The Scholems: A Story of the German-Jewish Bourgeoisie from Emancipation to Destruction by Jay Howard Geller
In his memoir From Berlin to Jerusalem, published shortly before his death, Gershom Scholem suggested that the divergent paths which he and his three brothers had chosen reflected the various options that stood open for middle-class German Jewry [End Page 603] at the turn of the century. Jay Howard Geller's The Scholems takes this observation as his starting point and recounts the story of this family, from Prussian Glogau at the end of the eighteenth century to Jerusalem and Sydney at the end of the twentieth.
The book focuses mainly on the four Scholem brothers, the sons of the printer Arthur Scholem and his wife, Betty: Reinhold (1891–1985), Erich (1893–1965), Werner (1895–1940), and Gerhard (Gershom, 1897–1982). The two older brothers, who are less known to the reader, stand for assimilatory Judaism with its wish to acculturate into non-Jewish German society. The two younger, more famous brothers represent the revolutionary solution to the so-called "Jewish question," either through universalistic socialism, which will bring about a new order in Germany itself (Werner), or by working toward the particularistic Zionist utopia, which was to be realized in the Land of Israel and form part of Jewish national self-definition (Gershom).
The past couple of years have seen the publication of several monographs dealing with different aspects of Gershom Scholem's life (by Amir Engel, Noam Zadoff, and David Biale), as well as the first biography in English of Werner Scholem by Mirjam Zadoff, which examines his career as a German Jewish politician within the context of his family. Geller's narrative builds on these existing studies, as he describes the turbulence and radical changes that affected the lives of the Scholems in the years of persecution in Germany during the first half of the twentieth century. Reinhold, Erich, and their mother, Betty (their father, Arthur, died in 1925 from heart failure), managed to escape in 1938 and immigrate to Australia, while Werner—who had been elected to the Reichstag as a member of the Communist Party—was arrested in 1933 and interned in different concentration camps until his murder in Buchenwald in 1940. Although Gershom immigrated to Palestine in 1923, and hence did not experience the traumatic events firsthand, the Holocaust was arguably the defining moment of his biography and he would continue to wrestle with its significance for the rest of his life. In many respects, the story of the Scholem siblings has strong tragic elements and can be read, as Geller suggests, as a parable for the decline of German Jewry.
The merit of Geller's work lies in the detailed account he provides of the larger Scholem family and the eloquent way in which it is narrated. (Especially interesting are the descriptions of the period after Reinhold, Erich, and Betty arrived in Australia.) Geller places personal episodes in the lives of the family members within the larger framework of the history of the German Jewish bourgeoisie, where his main concern lies. Consequently, his narrative swings constantly between specific events in the lives of members of the Scholem family and the general social-historical framework—the general situation in Germany at the time.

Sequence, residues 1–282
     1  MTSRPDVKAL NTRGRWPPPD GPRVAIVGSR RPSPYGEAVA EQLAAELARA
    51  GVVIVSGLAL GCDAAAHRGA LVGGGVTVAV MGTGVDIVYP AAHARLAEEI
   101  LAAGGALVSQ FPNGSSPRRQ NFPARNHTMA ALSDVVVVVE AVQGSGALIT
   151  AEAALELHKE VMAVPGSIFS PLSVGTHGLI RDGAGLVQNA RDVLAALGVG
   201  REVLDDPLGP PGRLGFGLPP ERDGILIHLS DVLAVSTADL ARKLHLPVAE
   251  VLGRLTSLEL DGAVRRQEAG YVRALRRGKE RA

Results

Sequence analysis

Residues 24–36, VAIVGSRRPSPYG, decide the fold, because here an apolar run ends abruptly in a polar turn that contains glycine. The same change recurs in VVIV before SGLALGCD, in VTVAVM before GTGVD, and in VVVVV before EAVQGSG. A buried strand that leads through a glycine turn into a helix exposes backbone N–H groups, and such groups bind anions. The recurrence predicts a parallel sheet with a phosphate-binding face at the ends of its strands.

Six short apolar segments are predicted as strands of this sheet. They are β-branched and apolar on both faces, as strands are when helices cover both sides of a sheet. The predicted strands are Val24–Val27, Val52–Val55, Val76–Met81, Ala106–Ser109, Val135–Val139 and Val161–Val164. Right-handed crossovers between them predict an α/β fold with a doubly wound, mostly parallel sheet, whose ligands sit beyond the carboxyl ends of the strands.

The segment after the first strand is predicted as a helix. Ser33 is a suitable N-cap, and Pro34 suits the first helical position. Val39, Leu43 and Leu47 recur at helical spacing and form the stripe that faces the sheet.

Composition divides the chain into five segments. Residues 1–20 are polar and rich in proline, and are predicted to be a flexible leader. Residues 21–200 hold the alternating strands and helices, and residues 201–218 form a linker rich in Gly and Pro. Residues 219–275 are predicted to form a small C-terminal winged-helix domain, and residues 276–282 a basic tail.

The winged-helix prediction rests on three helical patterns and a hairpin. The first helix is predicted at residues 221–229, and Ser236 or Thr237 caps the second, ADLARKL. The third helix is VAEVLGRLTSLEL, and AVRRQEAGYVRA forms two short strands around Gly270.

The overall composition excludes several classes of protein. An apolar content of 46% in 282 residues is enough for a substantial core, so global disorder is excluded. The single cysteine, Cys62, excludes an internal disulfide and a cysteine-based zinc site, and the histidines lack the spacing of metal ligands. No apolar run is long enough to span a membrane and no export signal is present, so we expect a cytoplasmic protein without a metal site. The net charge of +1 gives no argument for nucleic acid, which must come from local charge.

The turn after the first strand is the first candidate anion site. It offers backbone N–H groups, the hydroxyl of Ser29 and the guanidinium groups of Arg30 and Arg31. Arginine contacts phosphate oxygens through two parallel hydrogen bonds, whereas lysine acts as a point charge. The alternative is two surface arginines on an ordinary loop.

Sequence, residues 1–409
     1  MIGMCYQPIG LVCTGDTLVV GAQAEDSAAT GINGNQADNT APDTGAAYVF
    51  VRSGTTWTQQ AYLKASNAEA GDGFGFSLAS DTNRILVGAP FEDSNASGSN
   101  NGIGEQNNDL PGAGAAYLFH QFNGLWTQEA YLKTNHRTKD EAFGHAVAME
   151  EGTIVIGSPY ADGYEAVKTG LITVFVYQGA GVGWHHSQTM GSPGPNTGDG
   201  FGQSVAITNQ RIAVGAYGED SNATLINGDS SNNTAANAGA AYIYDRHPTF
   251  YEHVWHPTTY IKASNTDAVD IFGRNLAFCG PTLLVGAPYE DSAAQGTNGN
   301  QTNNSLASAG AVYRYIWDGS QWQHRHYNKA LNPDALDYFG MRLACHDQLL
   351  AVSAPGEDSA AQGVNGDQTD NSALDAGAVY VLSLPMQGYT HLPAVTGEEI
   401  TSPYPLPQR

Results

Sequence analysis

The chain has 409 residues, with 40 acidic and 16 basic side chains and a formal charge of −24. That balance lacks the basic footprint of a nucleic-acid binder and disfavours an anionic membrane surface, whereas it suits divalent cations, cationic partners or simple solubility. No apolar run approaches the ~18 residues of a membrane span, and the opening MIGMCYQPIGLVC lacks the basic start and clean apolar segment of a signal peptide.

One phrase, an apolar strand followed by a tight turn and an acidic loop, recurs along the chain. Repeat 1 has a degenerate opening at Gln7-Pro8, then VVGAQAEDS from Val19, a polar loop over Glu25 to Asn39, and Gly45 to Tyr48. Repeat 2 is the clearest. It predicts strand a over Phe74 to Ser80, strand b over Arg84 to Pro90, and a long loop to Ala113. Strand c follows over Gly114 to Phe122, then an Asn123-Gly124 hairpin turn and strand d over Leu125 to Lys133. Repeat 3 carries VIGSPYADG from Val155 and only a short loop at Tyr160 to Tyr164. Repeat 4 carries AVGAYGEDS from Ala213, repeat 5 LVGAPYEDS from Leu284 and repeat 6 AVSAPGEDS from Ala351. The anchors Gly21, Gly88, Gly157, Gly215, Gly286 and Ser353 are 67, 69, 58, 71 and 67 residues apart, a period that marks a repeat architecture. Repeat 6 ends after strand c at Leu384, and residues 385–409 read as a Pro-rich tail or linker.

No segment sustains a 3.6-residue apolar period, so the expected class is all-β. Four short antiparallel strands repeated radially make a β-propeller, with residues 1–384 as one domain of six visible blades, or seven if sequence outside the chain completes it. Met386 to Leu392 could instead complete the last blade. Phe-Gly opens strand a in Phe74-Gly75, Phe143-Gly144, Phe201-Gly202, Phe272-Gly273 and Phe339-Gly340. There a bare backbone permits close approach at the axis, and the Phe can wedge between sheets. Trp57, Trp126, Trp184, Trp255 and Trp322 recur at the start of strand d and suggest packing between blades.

Throughout the book Geller adheres to the narrative set by Gershom Scholem in his autobiography, which he does not question. Consequently, inner conflicts in Gershom's life that Scholem himself avoided rarely receive any treatment. The reader is left with the feeling that the story has another, hidden layer, which Geller does not [End Page 604] bring to light. An example is the confusion that arises from his treatment of Gershom Scholem's unique brand of Zionism. In one passage Geller emphasizes the influence of Ahad Haam on Gershom's Zionism (133), while in another he has Gershom espousing the "negation of the diaspora" (175) ideology, which is in direct opposition to Ahad Haam's humanistic thought; but this dissonance goes unexplained. Another example of glossing over difficulties lies in the surprise Geller expresses about the decision of Erich's son, Arthur, to settle in postwar Germany, even though his father did not feel comfortable there (196–197). Given the internal family dynamics and relationships, this move seems to be less surprising than Geller suggests and quite important for understanding the whole story: just as young Gerhard left for Palestine, partly in rebellion against his father's generation, and Werner rejected German nationalism in favor of communism, so perhaps the revolt of the next generation manifested itself in a desire to return to Germany.
Here lies the main weakness of the book: while concentrating all his efforts on showing how the Scholems fit into the larger framework of the German Jewish bourgeoisie, Geller neglects a major aspect of the biographical research by ignoring complexities and conflicts within the Scholem family itself. In his eagerness to show how the Scholems fit their time he does not write about the elements that made this family unique. Although Geller states in his introduction that his research is not only "a social history of German Jewry," but also a biography (9), the reader is rarely granted a glance into the inner world of the protagonists and the dynamics between them. The book does not explain what motivates the Scholems and how they stand as members of a family in relation to each other. Yet the emotional and psychological dimensions of such relationships might actually have been the heart of the story, since this is what make families what they are.